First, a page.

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Management of postoperative pain after colon surgery

The following guidelines apply for open colonic resection. However, if conditions allow, the laparoscopic approach is preferable rather than open surgery, due less postoperative pain and faster recovery. PROSPECT/colonic resection/SUMMARY recommendations/Intra-operative/ see Operative techniques

Evidence-based recommendations specific to the condition

For overall recommendations see: PROSPECT/colonic resection/OVERALL Prospect recommendations

For overview of treatments NOT recommended see: PROSPECT/ colonic resection/OVERALL Prospect recommendations


See: PROSPECT/Colonic Resection/SUMMARY recommendations/ preoperative

For patients not receiving epidural analgesia:

  • COX-2-selective inhibitors however, they may contribute to an early anastomotic leakage.
  • Continuous IV lidocaine infusion, continued in the early postoperative period.

Local, regional and neuraxial-analgesia-based techniques

  • Thoracic epidural analgesia with LA and opioid (e.g. sufentanil), at the appropriate level (site of incision) as it offers better analgesia compared to systemic analgesia, earlier extubation and reduced duration of postoperative ilius French 10.4, p 408.

    • Use of opiods in the epidural may delay first bowel movement due to systemic absorption.
    • The greatest benefit is with a LA only solution
  • Epidural is not recommended for laparoscopic surgery. The exception being in HIGH RISK pulmonary patients


See PROSPECT /Colonic Resection/SUMMARY recommendations/intra-operative

Systemic-based options

  • COX-2-selective inhibitors - only for patients not receiving epidural anaesthesia.
  • IV strong opioids - only for patients who do not receive epidural anaesthesia
  • If administered already, continue with continuous administration of IV lidocaine.

Local, regional and neuraxial analgesia-based techniques

  • Continue with thoracic epidural

Pre-peritoneal infusion

  • Continuous pre-peritoneal infusion of LA, as an alternative when epidural analgesia is not feasible or contraindicated.

Operative techniques

  • In the event of open surgery, a transverse incision will produce less pain and better cosmetic outcome compared to a vertical incision.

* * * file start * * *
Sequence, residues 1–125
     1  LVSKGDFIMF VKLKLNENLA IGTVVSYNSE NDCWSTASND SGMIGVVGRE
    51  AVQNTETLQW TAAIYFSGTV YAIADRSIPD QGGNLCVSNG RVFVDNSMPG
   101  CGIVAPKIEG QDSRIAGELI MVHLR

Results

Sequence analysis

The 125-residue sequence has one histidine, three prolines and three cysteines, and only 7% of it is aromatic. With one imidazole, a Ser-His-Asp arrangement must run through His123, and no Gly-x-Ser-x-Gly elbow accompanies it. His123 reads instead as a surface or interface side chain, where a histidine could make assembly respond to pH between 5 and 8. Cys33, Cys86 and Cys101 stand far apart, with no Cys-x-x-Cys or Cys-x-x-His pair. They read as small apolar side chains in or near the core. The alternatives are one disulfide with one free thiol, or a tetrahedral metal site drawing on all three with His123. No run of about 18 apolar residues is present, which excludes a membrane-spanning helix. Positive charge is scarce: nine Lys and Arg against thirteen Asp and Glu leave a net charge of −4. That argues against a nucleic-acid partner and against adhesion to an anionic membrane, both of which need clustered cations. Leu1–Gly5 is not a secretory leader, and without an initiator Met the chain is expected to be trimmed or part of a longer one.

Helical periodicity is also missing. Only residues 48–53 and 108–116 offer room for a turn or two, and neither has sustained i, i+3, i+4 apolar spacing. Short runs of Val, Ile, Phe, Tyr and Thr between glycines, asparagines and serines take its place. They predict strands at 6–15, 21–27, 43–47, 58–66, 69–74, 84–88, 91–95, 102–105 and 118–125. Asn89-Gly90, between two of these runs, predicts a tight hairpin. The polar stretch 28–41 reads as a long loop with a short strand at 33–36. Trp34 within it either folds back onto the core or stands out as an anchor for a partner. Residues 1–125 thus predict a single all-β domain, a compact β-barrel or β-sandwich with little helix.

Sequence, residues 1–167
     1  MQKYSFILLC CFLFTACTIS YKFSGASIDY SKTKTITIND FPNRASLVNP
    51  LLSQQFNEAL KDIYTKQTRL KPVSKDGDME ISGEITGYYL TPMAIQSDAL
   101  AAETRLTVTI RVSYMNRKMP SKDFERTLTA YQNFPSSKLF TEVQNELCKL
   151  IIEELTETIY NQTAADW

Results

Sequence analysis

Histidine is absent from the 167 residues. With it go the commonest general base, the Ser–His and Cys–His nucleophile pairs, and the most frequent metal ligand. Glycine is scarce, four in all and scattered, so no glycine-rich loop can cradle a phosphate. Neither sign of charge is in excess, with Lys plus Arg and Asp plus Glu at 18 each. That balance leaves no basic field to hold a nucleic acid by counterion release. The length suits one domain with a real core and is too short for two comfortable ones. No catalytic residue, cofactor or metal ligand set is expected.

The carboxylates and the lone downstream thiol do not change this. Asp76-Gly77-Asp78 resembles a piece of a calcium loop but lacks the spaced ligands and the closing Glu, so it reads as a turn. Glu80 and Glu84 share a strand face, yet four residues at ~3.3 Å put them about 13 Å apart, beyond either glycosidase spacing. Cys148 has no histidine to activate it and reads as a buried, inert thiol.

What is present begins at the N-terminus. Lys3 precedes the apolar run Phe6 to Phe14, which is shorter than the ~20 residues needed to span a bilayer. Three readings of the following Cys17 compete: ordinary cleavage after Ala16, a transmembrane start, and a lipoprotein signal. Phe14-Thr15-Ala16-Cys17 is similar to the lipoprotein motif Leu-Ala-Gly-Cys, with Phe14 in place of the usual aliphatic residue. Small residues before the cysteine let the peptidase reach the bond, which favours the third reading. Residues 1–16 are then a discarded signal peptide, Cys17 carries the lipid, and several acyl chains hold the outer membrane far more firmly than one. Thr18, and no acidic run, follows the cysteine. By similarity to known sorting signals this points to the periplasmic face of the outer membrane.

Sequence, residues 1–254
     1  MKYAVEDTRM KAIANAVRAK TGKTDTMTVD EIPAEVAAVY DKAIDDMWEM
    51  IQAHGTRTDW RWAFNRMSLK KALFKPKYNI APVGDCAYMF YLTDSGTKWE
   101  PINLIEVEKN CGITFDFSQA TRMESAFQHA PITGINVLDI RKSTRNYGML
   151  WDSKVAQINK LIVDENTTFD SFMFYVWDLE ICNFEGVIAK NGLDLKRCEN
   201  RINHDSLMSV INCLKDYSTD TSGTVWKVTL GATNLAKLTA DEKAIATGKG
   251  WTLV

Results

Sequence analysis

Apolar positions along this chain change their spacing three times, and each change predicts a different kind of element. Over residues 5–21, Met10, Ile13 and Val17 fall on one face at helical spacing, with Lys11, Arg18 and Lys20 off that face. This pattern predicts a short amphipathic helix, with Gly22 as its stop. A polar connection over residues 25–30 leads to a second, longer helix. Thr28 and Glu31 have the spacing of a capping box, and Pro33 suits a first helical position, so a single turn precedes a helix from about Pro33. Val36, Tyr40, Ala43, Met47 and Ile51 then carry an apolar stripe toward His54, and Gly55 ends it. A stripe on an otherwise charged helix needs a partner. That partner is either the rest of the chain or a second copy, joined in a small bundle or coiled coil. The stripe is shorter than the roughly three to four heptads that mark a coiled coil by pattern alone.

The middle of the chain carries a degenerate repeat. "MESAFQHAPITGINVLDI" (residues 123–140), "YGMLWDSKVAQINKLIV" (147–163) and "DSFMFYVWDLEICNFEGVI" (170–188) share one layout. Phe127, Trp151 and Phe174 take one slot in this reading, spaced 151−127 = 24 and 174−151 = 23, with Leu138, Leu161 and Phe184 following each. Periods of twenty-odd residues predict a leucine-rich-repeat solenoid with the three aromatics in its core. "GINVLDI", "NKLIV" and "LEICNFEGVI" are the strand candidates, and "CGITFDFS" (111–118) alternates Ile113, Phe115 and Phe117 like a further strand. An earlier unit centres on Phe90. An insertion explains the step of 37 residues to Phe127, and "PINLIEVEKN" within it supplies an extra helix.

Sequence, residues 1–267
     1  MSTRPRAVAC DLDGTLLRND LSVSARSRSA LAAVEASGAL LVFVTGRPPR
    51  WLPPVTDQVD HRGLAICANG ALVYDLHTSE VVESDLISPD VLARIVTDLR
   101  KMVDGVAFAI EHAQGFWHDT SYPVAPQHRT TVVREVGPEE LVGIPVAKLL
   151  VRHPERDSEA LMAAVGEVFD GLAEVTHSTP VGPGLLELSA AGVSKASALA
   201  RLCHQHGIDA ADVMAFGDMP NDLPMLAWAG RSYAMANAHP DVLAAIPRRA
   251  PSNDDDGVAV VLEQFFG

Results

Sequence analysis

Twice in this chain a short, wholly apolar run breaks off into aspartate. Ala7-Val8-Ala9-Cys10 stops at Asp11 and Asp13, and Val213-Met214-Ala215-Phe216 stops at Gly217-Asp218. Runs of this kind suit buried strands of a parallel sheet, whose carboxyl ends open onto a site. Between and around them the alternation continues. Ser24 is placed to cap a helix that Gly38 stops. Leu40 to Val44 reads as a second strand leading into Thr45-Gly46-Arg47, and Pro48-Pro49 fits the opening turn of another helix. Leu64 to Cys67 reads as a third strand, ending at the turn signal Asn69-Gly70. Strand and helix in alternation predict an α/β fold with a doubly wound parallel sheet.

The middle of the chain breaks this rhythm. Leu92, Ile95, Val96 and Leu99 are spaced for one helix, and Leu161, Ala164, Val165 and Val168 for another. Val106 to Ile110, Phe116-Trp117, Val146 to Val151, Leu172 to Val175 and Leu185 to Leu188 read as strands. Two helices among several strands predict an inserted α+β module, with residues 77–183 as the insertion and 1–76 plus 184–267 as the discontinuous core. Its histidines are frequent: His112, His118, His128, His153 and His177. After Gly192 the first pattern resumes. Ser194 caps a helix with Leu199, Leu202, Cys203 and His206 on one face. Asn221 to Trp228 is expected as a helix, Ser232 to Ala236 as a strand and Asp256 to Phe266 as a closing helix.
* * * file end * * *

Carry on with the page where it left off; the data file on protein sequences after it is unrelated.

• The use of diathermy is recommended over scalpel due to better analgesia and less blood loss.


See PROSPECT /Colonic Resection/SUMMARY recommendations/postoperative

Systemic-based options

  • Whenever possible, patients should be given multimodal pain management therapy.
    • COX-2 selective NSAIDs, nonselective NSAIDs, and calcium channel %u03B1-2-%u03B4 antagonists (gabapentin and pregabalin) should be considered as part of a postoperative multimodal pain management regimen.
    • Unless contraindicated, patients should receive an around-the-clock regimen of NSAIDs, COXIBs, or paracetamol. ASA section V Multimodal techniques for Pain Management, p 253-254.
  • Continue with pre-operative IV lidocaine infusion in patients not receiving epidural infusion.
  • After cessation of epidural analgesia OR in patients without an epidural:
    • Strong opioids for severe pain or weak opioids for moderate to mild pain and COX-2-selective inhibitors or conventional NSAIDs.
    • Opioids can be administered by IV-PCA.
  • Paracetamol is only recommended for moderate or low pain (VAS < 50 mm) in combination with COX-2-Inhibitors or conventional NSAIDs

Local, regional and neuraxial analgesia-based techniques

  • Continue with continuous epidural LA and strong opioid.
    • Epidural opiods may delay first bowel movement due to systemic absorption.

Pre-peritoneal infusion

Continue with continuous pre-peritoneal infusion of LA, as an alternative when epidural analgesia is not feasible or contraindicated.


Patients undergoing open colonic surgery should be treated with a pre-operatively inserted thoracic epidural catheter. If epidural treatment is not feasible or contraindicated, patients should be treated with opioids via an IV-PCA and COX-2-selective inhibitors. Alternatively, IV lidocaine can be initiated before surgery and continued into the postoperative period. Pre-peritoneal infusion is another alternative. In the event of laparoscopic surgery, epidural analgesia is not indicated, except for high risk pulmonary patients.

Supplementary reading

  1. Beaussier M, El'Ayoubi H, Schiffer E, et al Continuous preperitoneal infusion of ropivacaine provides effective analgesia and accelerates recovery after colorectal surgery: a randomized, double-blind, placebo-controlled study. Anesthesiology. 2007 Sep;107(3):461-8.
  2. Rawal N. Epidural technique for postoperative pain: gold standard no more? Reg Anesth Pain Med. 2012 May;37(3):310-7.